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5 Writing Exercises for Fiction Writers

Finding your creative place to begin writing isn’t always easy to do. There are times when creativity seems just as fleeting as a million-dollar lottery win. With these unique writing exercises for fiction writers, you’ll be able to work on your skills while finding prompts that can help you beat back a tough case of writer’s block at the same time.

Exercise #1: The Rewrite

Find a non-fiction book or a textbook. Open it up to a random page. Then take the first paragraph that is at least 5 lines long and rewrite it from a fictional standpoint. Your goal? To turn that often dry information into something that is interesting within your fictional world. Then repeat this two more times – there is no time limit on this exercise.

Your creativity development is more important than working toward a time deadline.

Exercise #2: Debate Class

When taking a debate class, you’re assigned a subject matter and whether you must be for or against it. For this writing exercise, go to a news website and your subject matter will become the top headline that is offered.

Then have two characters debate the subject matter, both for and against it. You can have each debate monologue be in the first person or the third person voice – it’s your choice. Don’t create a winner. Just have each character describe their argument in great detail and let the imaginary reader choose who is right or wrong.

Exercise #3: Forrest Gump

In the movie Forrest Gump, Tom Hanks as Forrest is sitting on a bench. A woman sits down beside him and he introduces himself. He then offers her a chocolate from a box that he’s holding. “I could eat about a million and a half of these,” he says. “My mama always said that life is like a box of chocolates… you never know what you’re going to get.”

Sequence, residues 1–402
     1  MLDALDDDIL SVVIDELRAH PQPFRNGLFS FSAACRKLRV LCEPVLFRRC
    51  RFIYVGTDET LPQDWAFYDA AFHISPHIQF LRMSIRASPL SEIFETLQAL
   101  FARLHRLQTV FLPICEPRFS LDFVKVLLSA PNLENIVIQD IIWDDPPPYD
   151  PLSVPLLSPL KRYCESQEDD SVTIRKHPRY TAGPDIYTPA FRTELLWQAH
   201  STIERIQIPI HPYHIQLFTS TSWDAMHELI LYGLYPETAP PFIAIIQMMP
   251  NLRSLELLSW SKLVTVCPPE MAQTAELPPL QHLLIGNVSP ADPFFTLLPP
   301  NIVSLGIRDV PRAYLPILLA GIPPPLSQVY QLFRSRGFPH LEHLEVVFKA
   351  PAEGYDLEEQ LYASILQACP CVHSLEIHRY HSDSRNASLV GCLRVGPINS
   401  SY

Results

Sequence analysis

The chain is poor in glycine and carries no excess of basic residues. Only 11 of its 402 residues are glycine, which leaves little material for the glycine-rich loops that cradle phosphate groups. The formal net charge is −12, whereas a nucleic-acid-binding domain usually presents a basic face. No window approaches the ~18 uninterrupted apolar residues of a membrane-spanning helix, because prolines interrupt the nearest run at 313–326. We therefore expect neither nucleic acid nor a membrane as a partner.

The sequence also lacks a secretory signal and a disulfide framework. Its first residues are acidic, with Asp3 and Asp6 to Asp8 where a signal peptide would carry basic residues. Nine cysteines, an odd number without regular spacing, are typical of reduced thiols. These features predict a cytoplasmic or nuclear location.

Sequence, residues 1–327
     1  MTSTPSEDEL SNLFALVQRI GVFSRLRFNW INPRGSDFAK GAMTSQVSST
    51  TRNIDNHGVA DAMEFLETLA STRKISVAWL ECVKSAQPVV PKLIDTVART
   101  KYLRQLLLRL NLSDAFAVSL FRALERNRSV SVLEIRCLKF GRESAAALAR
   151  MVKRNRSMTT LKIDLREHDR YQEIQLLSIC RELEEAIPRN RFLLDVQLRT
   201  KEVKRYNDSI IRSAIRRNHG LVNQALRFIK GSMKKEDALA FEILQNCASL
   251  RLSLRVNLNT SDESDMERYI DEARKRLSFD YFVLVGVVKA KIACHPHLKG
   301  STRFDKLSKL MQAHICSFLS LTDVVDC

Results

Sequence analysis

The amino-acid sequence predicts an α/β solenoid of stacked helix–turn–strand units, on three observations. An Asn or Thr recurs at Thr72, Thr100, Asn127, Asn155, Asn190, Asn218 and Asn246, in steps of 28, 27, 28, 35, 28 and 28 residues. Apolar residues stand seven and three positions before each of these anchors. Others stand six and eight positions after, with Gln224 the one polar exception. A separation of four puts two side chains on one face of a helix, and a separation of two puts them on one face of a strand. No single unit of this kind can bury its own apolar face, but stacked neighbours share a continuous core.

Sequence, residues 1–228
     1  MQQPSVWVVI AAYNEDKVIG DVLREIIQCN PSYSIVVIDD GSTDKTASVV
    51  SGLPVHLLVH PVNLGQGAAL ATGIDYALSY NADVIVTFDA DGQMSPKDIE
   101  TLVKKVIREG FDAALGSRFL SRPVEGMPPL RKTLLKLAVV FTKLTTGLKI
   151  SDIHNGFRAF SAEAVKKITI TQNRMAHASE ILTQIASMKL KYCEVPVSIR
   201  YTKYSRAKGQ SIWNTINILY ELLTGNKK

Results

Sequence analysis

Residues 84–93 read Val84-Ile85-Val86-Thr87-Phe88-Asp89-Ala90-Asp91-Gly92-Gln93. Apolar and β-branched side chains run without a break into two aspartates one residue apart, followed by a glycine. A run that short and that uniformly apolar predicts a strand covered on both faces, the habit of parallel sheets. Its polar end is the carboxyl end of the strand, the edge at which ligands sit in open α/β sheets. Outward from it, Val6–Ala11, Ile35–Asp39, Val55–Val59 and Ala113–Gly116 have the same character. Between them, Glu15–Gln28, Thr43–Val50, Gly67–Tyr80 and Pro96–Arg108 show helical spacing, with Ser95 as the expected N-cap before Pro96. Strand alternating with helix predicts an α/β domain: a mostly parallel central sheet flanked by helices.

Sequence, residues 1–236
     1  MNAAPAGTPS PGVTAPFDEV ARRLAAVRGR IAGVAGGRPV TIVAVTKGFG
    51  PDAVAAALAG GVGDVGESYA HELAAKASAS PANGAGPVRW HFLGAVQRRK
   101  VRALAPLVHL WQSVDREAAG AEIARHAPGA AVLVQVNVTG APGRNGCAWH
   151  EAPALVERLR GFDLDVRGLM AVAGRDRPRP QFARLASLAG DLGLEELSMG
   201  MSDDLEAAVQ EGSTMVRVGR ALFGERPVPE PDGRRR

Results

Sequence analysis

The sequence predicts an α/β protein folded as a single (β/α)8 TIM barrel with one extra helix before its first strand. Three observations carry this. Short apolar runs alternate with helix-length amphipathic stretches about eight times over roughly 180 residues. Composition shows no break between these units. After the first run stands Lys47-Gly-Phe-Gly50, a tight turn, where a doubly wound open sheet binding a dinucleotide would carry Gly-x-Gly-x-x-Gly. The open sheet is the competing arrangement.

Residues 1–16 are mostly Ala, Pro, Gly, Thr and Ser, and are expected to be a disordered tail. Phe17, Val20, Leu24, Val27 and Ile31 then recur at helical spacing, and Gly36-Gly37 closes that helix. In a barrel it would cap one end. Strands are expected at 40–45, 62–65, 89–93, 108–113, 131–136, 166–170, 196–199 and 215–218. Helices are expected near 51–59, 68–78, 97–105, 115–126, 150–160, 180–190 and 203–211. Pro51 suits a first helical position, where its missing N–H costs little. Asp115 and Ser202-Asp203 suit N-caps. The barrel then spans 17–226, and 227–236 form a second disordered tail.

Now maybe life isn’t like a box of chocolates. What if life was like owning a minivan? Or like playing a video game? Or like eating broccoli for every single meal? Choose 5 different ways that could describe life and then discuss why you feel like life is that way.

And don’t forget to wear your comfortable shoes.

Exercise #4: One Fish, Two Fish

Dr. Seuss wrote a number of famous rhyming stories. Many were for kids, but there were some adult stories in there as well. What made his storying telling unique was the rhythm and timing of his rhymes. Dr. Seuss had to be precise with his words in order for the rhythm to remain consistent.

His stories are fun, but they are that way because he was so precise.

So put a hat on your hat, break out the green eggs and ham, and start writing in rhyme. Keep your patterns as precise as possible. Do this for about 10 minutes. Edit your work as you are doing it.

By focusing on precision, you can create descriptions, dialogue, and other details with greater accuracy for your reader. This will help to bring your fiction to life.

Exercise #5: The Letter

Musical artist Geoff Moore sings a song called “The Letter” on the album Threads with his band The Distance. The song begins with this line: “Today I got your letter. The one you said I never would read.”

And creating this letter in real life is a fantastic writing exercise. What holds many writers back from their creativity are unexplored emotions. Pain. Grief. Resentment. Instead of processing these feelings, they are held inside to fester until they eventually explode outward.

Instead of a messy emotional mess, write a letter to someone that you will never send to them. Say the things that you need to say. If you don’t have a personal letter to write, then have a character in your story do this instead. Explore the emotions that are present. Describe what happened and what issues you may have.

Conclude the letter with a resolution or a call for reconciliation. This will help you as a writer be able to draw difficult moments in your stories to a conclusion as well. Then delete the file, throw the paper away, and move the experiences felt during the writing process into the story you are creating.

These unique writing exercises for fiction writers can help you to improve your writing skills as you remove obstacles that may be keeping you from writing. Your stories will benefit thanks to the depths of development and description that you’ll be able to add to them from the efforts these exercise encourage.

And remember: take time every day if possible to complete at least one writing exercise so you can keep this skill honed.

Melissa G Wilson

Melissa has been a leader in the book writing, publishing and marketing arena for the past two decades. To date, she has helped more than 100 thought leaders write, publish and market their books. Her clients include executives such as Dan Weinfurter a seven-time Inc 500 winner and Orlando Ashford, President of Holland Cruise Lines.

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